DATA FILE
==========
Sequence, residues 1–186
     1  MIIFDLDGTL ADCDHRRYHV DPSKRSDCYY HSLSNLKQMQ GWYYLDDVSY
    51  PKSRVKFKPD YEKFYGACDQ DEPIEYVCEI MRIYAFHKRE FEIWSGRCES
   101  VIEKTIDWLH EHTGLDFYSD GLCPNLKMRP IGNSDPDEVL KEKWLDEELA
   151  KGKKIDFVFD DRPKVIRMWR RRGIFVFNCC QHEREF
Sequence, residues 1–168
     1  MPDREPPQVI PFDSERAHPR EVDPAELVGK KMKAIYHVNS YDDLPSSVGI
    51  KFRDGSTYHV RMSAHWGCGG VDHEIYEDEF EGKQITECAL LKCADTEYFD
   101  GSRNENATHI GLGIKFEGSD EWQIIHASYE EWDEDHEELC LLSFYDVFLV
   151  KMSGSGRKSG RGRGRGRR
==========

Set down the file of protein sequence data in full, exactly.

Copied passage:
Sequence, residues 1–186
     1  MIIFDLDGTL ADCDHRRYHV DPSKRSDCYY HSLSNLKQMQ GWYYLDDVSY
    51  PKSRVKFKPD YEKFYGACDQ DEPIEYVCEI MRIYAFHKRE FEIWSGRCES
   101  VIEKTIDWLH EHTGLDFYSD GLCPNLKMRP IGNSDPDEVL KEKWLDEELA
   151  KGKKIDFVFD DRPKVIRMWR RRGIFVFNCC QHEREF
Sequence, residues 1–168
     1  MPDREPPQVI PFDSERAHPR EVDPAELVGK KMKAIYHVNS YDDLPSSVGI
    51  KFRDGSTYHV RMSAHWGCGG VDHEIYEDEF EGKQITECAL LKCADTEYFD
   101  GSRNENATHI GLGIKFEGSD EWQIIHASYE EWDEDHEELC LLSFYDVFLV
   151  KMSGSGRKSG RGRGRGRR